Lamprey Rhombencephalon

Cross references:    Rhombencephalon     Medulla Oblongata     Reticular Activating Sytem  
Reticulospinal Transmission      Diencephaloreticular Transmission   
 
Locomotion Sequence Revision    Sensory Input    
Dictionary    Motor Programs      Perinatal Behavior    
 


Searching PubMed for "Lamprey Rhombencephalon" found 144 references: 
http://www.ncbi.nlm.nih.gov/pubmed/?term=lamprey+rhombencephalon   

Note: I've completed an initial survey of the references below .   My most interesting impression is that hunger-feeding and possibly also respiration are below the reticular formation on the neuroaxis.  Does this mean that they are more ancient?   
 


128<144    1982 
Brain neurons which project to the spinal cord in young larvae of the zebrafish   
http://www.ncbi.nlm.nih.gov/pubmed/7076887   
    See:  Reticulospinal Transmission for summary, Related citations and Cited by's.


123<144    1984 
Early development of descending pathways from the brain stem to the spinal cord in Xenopus laevis   
http://www.ncbi.nlm.nih.gov/pubmed/6335361   
    "
The observations demonstrate that already very early in development reticulospinal fibers and, somewhat later, Mauthner cell axons and vestibulospinal fibers innervate the spinal cord."    


102<144   1989
Origins of the descending spinal projections in petromyzontid and myxinoid agnathans. 

101<144  1989
Further evidence for excitatory amino acid transmission in lamprey reticulospinal neurons: selective retrograde labeling with (3H)D-aspartate.   

    See:   Lamprey Neurotransmitters 


99<144  
1989 
Monosynaptic excitatory amino acid transmission from the posterior rhombencephalic reticular nucleus to spinal neurons involved in the control of locomotion in lamprey.  
    See:  Reticulospinal Transmission  for full Abstract, Related citations and Cited by's.   
    My comment
This is the first mention of the "posterior rhombencephalic reticular nucleus" . 


77<144   
1996
The brains of lampreys and hagfishes: characteristics, characters, and comparisons.  

My comment
    The spinal cord > reticular formation > spinal cord loop may be an example of initiation of behavior by the rhombencephalon.     
    See:  Agnatha


75<144    1996 
A mesencephalic relay for visual inputs to reticulospinal neurones in lampreys.   
My comment
    This is an example of behavior which was initiated not by the Substantia Nigra pars Compacta  (SNc) and not by the rhombocephalon but by sensory input.  This may turn out to be what is actually happening in most cases.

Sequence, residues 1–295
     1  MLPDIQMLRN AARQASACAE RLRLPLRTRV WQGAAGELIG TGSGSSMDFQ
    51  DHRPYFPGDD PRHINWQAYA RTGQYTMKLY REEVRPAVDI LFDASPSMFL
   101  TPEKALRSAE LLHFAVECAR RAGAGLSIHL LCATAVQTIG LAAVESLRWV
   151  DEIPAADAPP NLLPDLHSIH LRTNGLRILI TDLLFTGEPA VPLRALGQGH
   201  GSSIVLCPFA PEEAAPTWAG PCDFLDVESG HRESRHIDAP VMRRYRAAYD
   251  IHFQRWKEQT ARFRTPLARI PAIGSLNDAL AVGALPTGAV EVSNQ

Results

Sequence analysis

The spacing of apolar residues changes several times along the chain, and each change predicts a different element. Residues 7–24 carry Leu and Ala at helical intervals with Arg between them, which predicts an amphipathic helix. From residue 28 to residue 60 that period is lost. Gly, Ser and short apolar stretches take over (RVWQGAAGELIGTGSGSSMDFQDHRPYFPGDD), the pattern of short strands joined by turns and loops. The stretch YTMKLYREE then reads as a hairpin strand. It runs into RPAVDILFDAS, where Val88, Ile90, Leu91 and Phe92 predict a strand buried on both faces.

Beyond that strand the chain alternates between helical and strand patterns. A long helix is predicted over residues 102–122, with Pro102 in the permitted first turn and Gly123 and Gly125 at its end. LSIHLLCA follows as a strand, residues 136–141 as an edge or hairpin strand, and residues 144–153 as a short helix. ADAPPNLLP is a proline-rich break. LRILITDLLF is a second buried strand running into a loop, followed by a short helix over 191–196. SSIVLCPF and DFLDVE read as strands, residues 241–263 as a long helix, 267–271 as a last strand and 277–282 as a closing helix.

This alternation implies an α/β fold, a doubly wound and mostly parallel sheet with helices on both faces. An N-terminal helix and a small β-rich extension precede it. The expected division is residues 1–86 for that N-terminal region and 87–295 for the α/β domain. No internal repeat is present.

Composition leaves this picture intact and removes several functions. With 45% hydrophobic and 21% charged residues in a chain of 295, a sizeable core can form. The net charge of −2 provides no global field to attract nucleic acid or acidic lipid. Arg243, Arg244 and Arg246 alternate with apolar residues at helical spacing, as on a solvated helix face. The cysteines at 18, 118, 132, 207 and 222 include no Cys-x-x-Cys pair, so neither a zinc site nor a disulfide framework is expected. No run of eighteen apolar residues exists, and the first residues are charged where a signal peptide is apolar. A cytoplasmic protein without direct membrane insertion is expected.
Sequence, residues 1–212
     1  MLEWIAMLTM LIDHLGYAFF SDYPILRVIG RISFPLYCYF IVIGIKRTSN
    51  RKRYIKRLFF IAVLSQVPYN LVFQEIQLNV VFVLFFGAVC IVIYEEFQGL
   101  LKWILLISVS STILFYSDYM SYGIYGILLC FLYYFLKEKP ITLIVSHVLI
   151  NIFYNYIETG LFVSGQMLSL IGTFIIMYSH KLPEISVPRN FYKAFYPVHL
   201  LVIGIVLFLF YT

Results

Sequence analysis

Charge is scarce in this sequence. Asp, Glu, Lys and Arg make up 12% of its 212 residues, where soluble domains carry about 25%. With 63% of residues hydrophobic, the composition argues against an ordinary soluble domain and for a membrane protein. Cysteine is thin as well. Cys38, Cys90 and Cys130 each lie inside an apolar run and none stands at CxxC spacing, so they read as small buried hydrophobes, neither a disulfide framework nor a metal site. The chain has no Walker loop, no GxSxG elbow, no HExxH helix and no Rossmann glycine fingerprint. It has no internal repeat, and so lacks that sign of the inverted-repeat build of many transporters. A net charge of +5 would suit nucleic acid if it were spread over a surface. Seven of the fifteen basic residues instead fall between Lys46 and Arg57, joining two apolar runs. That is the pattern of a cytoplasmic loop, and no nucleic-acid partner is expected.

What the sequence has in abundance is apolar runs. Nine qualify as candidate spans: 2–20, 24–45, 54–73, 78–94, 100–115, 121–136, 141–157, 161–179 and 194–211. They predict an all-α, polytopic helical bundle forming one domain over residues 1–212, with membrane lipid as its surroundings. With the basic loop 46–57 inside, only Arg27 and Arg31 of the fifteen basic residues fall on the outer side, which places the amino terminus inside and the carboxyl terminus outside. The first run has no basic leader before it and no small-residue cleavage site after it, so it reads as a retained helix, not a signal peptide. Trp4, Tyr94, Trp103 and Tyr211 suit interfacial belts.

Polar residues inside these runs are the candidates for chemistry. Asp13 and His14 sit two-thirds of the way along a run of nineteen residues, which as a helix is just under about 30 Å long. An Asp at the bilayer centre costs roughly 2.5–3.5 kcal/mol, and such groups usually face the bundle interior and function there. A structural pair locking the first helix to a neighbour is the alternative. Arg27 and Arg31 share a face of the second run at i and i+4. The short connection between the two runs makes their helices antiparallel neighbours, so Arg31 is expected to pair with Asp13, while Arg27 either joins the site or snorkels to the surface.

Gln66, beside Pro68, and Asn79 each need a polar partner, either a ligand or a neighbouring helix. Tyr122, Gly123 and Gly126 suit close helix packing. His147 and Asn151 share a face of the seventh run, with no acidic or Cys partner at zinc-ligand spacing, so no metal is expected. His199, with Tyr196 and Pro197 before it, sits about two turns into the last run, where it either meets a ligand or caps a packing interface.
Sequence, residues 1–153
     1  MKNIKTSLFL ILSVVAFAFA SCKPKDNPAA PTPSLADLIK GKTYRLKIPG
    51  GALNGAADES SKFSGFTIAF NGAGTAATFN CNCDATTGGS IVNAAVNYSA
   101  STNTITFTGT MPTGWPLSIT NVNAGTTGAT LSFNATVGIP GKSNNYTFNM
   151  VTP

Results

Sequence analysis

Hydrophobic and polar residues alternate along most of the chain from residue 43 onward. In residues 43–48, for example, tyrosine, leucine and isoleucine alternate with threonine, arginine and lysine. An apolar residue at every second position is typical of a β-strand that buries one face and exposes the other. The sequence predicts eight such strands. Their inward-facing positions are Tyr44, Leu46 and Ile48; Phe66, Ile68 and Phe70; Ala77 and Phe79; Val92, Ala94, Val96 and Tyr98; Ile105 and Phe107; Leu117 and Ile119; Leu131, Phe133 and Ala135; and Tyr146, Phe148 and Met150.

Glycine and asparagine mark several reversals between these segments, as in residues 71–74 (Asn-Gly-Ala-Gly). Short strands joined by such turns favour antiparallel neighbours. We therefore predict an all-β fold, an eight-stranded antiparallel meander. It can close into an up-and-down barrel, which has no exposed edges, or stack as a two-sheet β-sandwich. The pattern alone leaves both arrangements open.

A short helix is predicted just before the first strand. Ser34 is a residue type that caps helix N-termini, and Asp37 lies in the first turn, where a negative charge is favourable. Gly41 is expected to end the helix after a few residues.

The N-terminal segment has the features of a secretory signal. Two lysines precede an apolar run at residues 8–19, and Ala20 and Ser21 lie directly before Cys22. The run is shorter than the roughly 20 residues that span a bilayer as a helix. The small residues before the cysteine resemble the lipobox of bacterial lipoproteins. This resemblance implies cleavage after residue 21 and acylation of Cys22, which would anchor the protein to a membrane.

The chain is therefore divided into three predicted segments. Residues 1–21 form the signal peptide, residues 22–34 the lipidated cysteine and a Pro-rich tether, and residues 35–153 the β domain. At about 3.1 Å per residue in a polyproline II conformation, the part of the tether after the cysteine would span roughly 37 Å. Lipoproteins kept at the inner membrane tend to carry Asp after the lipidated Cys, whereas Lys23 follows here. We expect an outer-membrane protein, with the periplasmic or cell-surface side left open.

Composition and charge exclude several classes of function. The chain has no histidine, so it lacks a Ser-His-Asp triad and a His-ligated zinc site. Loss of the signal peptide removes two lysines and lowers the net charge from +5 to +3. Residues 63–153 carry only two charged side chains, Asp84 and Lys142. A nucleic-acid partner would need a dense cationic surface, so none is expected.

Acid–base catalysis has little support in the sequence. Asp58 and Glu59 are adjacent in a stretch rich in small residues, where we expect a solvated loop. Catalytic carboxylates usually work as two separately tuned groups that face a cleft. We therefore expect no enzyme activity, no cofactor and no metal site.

72<144    1996 
Visual potentiation of vestibular responses in lamprey reticulospinal neurons. 
http://www.ncbi.nlm.nih.gov/pubmed/8950094   
    "
The lamprey normally swims with the dorsal side up. Illumination of one eye shifts the set-point of the vestibular roll control system, however, so that the animal swims with a roll tilt towards the source of light (the dorsal light response). A tilted orientation is often maintained for up to 1 min after the stimulation. In present study, the basis for this behaviour was investigated at the neuronal level.  
    The middle rhombencephalic reticular nucleus (MRRN) is considered a main nucleus for the control of roll orientation in lampreys. Practically all MRRN neurons receive vestibular and visual input and project to the spinal cord. Earlier extracellular experiments had shown that optic nerve stimulation potentiates the response to vestibular stimulation in the ipsilateral MRRN. This most likely represents a neural correlate of the dorsal light response. Experiments were carried out in vitro on the isolated brainstem of the silver lamprey (Ichthyomyzon unicuspis). MRRN cells were recorded intracellularly, and the overall activity of descending systems was monitored with bilateral extracellular electrodes. The responses to 10 Hz optic nerve stimulation and 1 Hz vestibular nerve stimulation, and the influence of optic nerve stimulation on the vestibular responses, were investigated.  
     In most preparations, optic nerve stimulation excited practically all ipsilateral MRRN cells. After stimulation, the cell was typically depolarized and showed an increased level of synaptic noise for up to 80 s. In contralateral MRRN neurons, optic nerve stimulation usually evoked hyperpolarization or no response.  
    Vestibular nerve stimulation evoked compound excitatory postsynaptic potentials (EPSPs) or spikes in approximately 90% of the cells, both ipsilaterally and contralaterally. A smaller subpopulation of MRRN cells (approximately 10%) received vestibular inhibition. In 26 of 48 recorded MRRN cells, the response to vestibular stimulation was potentiated after ipsilateral optic nerve stimulation ..." .    
Important points
    "
Practically all MRRN neurons receive vestibular and visual input and project to the spinal cord."       
    "
In most preparations, optic nerve stimulation excited practically all ipsilateral MRRN cells."   
    "
Vestibular nerve stimulation evoked compound excitatory postsynaptic potentials (EPSPs) or spikes in approximately 90% of the cells, both ipsilaterally and contralaterally."  
My comment
    This is another example of behavior influenced by sensory input. 


65<144  
1997   
Diencephalic projection to reticulospinal neurons involved in the initiation of locomotion in adult lampreys Lampetra fluviatilis.